Archive for the ‘#congressionalbaseballgame’ Tag

Choose Civility; It Could Save Lives   12 comments

Every so often, I get a nasty-gram on my blog or email and it happened last night. Apparently, “right-wingers” like me are the reason men in their 60s open fire in a park and if we’d just shut up about “your hateful ideas”, the world would be a safer place. The rest of the blog comment contains quite a few words that aren’t allowed on broadcast airwaves, so … yeah, no publicity for you, dude.

Image result for image of civilityBut here’s the thing … I wasn’t exactly feeling the love from this guy. He spent about two sentences on the ideas he doesn’t approve of and a few thousand words on what he thinks of my character, my parents (who have been dead in excess of 30 years, so I’m not sure what they have to do with anything) and the degenerate moral atmosphere of Alaska, Republicans and libertarians. He even spent five sentences on Ron Paul and several sentences on Donald Trump.

So, while I won’t publish the comment, I did forward it to an ultra-liberal social worker friend of mine who has been arguing with me “across the divide” for some years and asked her what she thought.

One, she thinks the shooting in Alexandria wouldn’t have occurred if the country’s “right-wingers” would embrace PC. Just accept whatever the Huffington Post says is moral and don’t sweat it and the world will be a safer place. Actually, that’s second sentence is my interpretation of her carefully worded reply to me, but when I floated it as an interpretation, she replied “LOL. Basically.”


PC is often used as a strawman by people who value free speech. It tends to unhinge those who value political correctness. It’s like sticking a burr under a horse’s saddle to make it buck for the rodeo. Why? Because the PC crowd thinks they’re just being polite.

But there’s a difference between civility and political correctness. Let me provide you with an example.

Lela doesn’t like racist humor because it offends others and she isn’t a jerk. That’s civility. Lela is polite.

Kelli doesn’t like racist humor because she believes certain social attitudes contribute to strengthening systemic bigotry within power structures and subconsciously influence us to commit acts of violence. Kelli believes that when Bible-believing Christians question modern gender theory, “misgender” somebody or commit some similar “microaggession,” we contribute to a culture that marginalizes non-gender-conforming people, thus increasing the high suicide rate in that demographic.

There’s a part of me that could almost be convinced by Kelli’s argument until I apply those same assumptions to any other group. Veterans and soldiers have a very high suicide rate, but we still criticize US foreign policy and military action. We even burn flags, which tends to upset veterans and soldiers.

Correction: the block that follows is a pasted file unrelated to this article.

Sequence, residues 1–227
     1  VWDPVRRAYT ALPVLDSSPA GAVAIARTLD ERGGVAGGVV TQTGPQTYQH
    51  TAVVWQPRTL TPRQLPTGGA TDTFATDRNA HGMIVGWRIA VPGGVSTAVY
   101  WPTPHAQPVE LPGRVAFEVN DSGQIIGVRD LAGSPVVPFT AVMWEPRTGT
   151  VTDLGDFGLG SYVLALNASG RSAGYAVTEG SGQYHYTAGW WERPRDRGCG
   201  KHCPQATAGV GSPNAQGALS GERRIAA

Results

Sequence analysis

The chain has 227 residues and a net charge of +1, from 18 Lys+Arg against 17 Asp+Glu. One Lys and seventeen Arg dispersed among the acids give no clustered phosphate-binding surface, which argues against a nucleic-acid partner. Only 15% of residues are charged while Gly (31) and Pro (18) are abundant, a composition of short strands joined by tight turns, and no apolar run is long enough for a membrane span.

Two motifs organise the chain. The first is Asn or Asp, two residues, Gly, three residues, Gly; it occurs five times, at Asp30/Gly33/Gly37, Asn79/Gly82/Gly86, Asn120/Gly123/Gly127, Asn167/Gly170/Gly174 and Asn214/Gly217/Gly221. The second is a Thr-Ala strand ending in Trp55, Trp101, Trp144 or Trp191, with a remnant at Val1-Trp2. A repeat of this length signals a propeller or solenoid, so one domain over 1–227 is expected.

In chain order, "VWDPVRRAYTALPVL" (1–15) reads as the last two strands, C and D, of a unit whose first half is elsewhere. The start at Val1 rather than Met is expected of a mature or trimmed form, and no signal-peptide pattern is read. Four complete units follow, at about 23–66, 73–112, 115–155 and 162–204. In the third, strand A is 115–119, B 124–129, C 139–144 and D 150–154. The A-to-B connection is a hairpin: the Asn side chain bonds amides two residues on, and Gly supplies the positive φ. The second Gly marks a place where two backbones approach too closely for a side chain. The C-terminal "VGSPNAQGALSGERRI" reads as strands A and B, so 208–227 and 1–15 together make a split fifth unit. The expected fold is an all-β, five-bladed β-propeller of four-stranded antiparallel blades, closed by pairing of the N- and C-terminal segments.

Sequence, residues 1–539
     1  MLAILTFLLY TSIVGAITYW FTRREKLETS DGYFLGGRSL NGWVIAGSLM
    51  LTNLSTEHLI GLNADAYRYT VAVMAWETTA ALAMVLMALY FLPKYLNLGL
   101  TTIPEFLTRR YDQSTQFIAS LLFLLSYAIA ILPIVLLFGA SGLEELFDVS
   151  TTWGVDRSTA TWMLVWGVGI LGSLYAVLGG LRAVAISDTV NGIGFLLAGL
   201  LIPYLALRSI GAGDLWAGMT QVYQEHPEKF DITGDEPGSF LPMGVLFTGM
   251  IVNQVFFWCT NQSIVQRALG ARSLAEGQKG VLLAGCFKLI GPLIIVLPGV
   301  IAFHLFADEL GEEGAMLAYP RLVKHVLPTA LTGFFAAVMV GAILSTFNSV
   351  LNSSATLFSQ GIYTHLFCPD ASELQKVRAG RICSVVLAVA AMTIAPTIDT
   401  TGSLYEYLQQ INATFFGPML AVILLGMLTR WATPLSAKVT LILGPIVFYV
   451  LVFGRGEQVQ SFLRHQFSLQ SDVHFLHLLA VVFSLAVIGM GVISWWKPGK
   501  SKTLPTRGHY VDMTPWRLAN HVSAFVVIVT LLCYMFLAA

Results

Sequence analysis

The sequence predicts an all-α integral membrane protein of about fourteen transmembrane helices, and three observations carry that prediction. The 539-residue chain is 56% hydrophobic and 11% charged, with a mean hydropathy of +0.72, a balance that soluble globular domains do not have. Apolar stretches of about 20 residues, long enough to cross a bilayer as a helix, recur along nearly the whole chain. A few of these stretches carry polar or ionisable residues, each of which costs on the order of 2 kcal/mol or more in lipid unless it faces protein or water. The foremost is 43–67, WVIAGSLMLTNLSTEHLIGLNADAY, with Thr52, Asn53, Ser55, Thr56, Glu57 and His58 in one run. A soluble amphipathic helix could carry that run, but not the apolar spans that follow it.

Young men have a high suicide rate, but male-bashing is not considered a hate crime. Christians don’t have a high suicide rate, but not because they’re not marginalized. Turn into The Detour and you’ll see us routinely bashed, mischaracterized, and denigrated. We can do the same mental gymnastics for many other groups, but the fact remains that we treat people in these other groups as if their feelings don’t matter, so clearly the motivations for being PC different from those for civility.

I don’t want to upset or alienate anyone, so I monitor my language. Alternatively, Kelli believes improper uses of language is equivalent to physical violence.

I’m polite. Kelli is PC. I’m a nice person. Kelli is an ideologue. Kelli doesn’t see a difference between us (so long as I keep my mouth shut). But here’s where we part company. I reserve the right to question authority and new social arrangements, to point out when the emperor is not wearing clothes. That is the essence of free speech … to be able to talk about ideas without attacking each other’s character or taking offense that someone disagrees with us. Kelli believes it’s all right to state your opinion so long as your opinion aligns with political correctness. If it doesn’t, you should remain silent in society and probably go to a counselor for reprogramming.

She would label what used to be ordinary discussion as physical violence, but that standard is unevenly applied across society. Some people’s feelings and beliefs are more important than other people’s feelings and beliefs, so those with the unacceptable feelings and beliefs are expected to remain silent or find themselves treated quite violently. That’s the inevitable results of political correctness.

Instead, we ought to strive for civility. It recognizes that everybody has value as a human being, but not all ideas have value. It allows us to discuss differing viewpoints as equals, to weigh and balance their merits and to either decide to let each other be when the ideas are foolish but not harmful or try to persuade others to a wiser belief when ideas may hold harm to themselves or others.

I don’t favor using government coercion to change other people’s opinions. I also don’t favor attacking each other’s character because of the opinions we hold. You can be wrong without being evil, stupid or insane. Wrong is a difference of opinion correctable by knowledge exchange. Evil is a character flaw that will not be changed by all the discussion the world.

See the difference?

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